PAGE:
We’re often advised to choose one career path, specialise in one field or skill set, and stick to it until we become a master in it. But what if you’re a polymath with several diverse interests and want to pursue them all? In the audio world, it’s quite common for people to wear many hats – the audio engineer who is also a musician and composer is a common example. Or perhaps you’re a person who needs a lot of variety to focus and maintain passion for your work – whether it’s working in several audio fields, or in completely different fields. Or your life circumstances might mean you’re not able to work full-time, or you have hobbies or commitments that are important and central to your life and wellbeing. How can you combine several interests and skill sets to create a satisfying career that also pays the bills?
In many countries around the world, the norm is changing: in past decades, many people stayed in one job or company for several decades or even for their whole career; now it’s common for workers to change jobs every few years, or retrain later and work in a different field. The rise of remote working gives us more options for different working styles and freelance businesses, opens up more opportunities globally, and gives some people the opportunity to be location-independent. For those of us who want to combine audio work with our other skills and passions, this climate gives us more possibilities than ever to survive and hopefully thrive, with income from various streams. Here are some ideas and examples of possible work modes and methods:
Freelancing on a project basis allows you to take on different projects that interest you and have a fixed duration so you know you’ll have a lot of variation in your work. For example, you might mix an album for some weeks, record film sound on location for the next weeks, edit a podcast series for a couple of months and then take on a non-audio project. Challenges: you’ll always need to put time and energy into finding work and arranging your calendar to fit everything in, and there may be periods of abundant work and periods of not enough. Advantages: you are your own boss, you have more control over your work hours and time off, and the types of projects are only limited by your skills.
A Business that Combines All of Your Interests
Starting a business that enables you to wear several hats can be a satisfying way of combining all your skills. Perhaps you write and play music, engineer recordings, do graphic design and marketing, and could start an all-in-one music production studio that takes care of all elements of a client’s album release. Or find another way to combine your audio skills with a different field of knowledge. Challenges: you’ll need to have a solid business plan and know how to reach your target clients to bring in work. Advantages: bringing all your skills into one unique business, never having to feel that you’re putting one part of your identity or skill set on the backburner.
Several Part-Time Jobs
A solution for a more stable income could be to have multiple part-time roles. You might have an administrative job in the music field three days a week, teach instrument lessons one day and do live sound mixing in the evenings or on weekends. Or have one role in the mornings and another in the afternoons. Challenges: finding jobs that are part-time and juggling your schedule to fit everything in, being able to switch quickly between completely different mindsets/skill sets/workplaces in a short space of time. Advantages: an amount of financial stability, and possibly other benefits that come with fixed part-time roles.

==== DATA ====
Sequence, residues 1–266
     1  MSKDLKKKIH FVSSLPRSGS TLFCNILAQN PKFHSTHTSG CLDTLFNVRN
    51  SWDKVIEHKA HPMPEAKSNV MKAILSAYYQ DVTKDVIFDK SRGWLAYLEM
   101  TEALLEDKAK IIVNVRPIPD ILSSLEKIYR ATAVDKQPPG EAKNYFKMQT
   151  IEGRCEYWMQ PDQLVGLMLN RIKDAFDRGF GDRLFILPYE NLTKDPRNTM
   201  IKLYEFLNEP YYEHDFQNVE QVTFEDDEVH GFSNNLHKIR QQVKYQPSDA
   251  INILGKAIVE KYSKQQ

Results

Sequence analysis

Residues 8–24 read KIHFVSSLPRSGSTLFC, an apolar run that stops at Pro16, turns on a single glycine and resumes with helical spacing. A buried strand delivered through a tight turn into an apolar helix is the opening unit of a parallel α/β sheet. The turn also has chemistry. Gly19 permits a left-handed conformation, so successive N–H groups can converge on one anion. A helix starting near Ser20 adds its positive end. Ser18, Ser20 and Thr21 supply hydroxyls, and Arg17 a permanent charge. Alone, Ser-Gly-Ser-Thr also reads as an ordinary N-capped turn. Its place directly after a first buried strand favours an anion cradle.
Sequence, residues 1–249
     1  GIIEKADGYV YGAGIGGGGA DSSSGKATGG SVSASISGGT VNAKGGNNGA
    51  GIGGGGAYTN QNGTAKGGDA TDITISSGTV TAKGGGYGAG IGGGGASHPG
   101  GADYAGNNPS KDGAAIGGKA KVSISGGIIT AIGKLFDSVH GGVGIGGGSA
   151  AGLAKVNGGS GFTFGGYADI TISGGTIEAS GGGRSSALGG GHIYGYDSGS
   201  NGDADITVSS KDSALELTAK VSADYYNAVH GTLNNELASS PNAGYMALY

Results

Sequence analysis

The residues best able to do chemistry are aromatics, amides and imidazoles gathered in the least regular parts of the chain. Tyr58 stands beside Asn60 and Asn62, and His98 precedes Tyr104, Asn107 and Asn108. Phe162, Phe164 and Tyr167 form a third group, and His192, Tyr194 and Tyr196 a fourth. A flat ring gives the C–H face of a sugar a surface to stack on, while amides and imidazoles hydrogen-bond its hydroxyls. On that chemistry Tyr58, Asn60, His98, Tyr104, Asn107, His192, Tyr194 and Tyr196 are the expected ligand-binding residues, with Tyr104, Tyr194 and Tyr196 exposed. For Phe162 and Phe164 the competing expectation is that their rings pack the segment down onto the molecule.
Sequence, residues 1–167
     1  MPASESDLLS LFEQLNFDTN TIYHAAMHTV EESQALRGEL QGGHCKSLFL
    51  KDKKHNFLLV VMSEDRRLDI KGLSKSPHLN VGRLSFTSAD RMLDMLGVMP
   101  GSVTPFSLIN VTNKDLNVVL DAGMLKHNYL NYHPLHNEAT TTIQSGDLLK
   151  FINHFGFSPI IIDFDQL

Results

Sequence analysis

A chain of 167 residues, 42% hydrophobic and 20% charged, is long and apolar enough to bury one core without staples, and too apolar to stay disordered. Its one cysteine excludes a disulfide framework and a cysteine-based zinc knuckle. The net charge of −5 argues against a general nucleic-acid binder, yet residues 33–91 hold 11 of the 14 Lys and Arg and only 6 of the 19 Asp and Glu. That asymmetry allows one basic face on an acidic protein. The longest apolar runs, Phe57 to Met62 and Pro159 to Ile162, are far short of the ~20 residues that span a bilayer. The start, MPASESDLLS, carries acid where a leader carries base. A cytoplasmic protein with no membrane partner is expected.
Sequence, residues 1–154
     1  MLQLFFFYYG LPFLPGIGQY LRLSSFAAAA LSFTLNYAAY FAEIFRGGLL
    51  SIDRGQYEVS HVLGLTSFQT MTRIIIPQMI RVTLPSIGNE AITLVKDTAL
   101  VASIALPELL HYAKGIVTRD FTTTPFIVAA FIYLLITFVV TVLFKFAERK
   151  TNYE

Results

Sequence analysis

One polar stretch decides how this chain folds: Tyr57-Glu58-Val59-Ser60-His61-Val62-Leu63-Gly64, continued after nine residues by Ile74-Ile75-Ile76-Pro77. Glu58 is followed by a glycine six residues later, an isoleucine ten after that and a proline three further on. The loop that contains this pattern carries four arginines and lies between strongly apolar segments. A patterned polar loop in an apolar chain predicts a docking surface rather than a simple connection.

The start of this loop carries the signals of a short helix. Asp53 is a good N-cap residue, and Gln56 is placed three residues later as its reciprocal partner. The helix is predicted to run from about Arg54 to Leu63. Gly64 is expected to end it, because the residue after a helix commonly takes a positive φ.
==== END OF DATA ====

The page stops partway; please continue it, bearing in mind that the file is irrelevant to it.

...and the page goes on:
Switch Jobs Every Few Years
Another approach is taking fixed-term full-time contracts (year-long for example) or having the intention to change jobs every few years. This could be more of a mindset rather than a fixed plan – just knowing that you won’t be “stuck” in a job forever and have the freedom to pursue another job or career if you desire is exciting. You might like to switch between diverse fields of audio over the years or change careers completely down the track. Challenges: not having as much variety in your work daily or weekly, not advancing further in a particular field. Advantages: the opportunity to develop deeper skills in one area, and the financial and other benefits that come with full-time roles.
A “Day Job” Plus Side Projects
Some people thrive on having a full-time job that allows them the financial freedom to pursue other projects, work, or hobbies in their free time. This option could be appropriate if the stress of trying to make money with your passion is overwhelming or causes burnout, and you start to lose your passion for it. Or perhaps you have one passion that will allow you to make a good living, and the other passion can be a side project. Challenges: finding enough time and energy to work on your other projects outside of your main job. Advantages: financial stability and money to spend on side projects or businesses.
The concept of a multi-skilled polymath, generalist, or Renaissance person – a well-rounded individual who has knowledge and skills in many areas – has been around for a long time, and in Renaissance Italy was seen as the height of accomplishment (Leonardo Da Vinci was revered for his incredible skills and achievements in the fields of a2rt, music, science, invention, and writing). Some more modern-day polymaths in the audio world who are hugely inspiring are Ethel Gabriel (record producer, A&R representative, company executive, trombonist), Kira Roessler (dialogue editor, bass player, singer, songwriter, former computer engineer), and Leslie Ann Jones (recording and mixing engineer, producer, publicity/artist relations, guitarist, board member).
A great website to check out is puttylike.com – while not specifically audio-related, it has useful career and productivity ideas and advice for people with multiple interests and skills.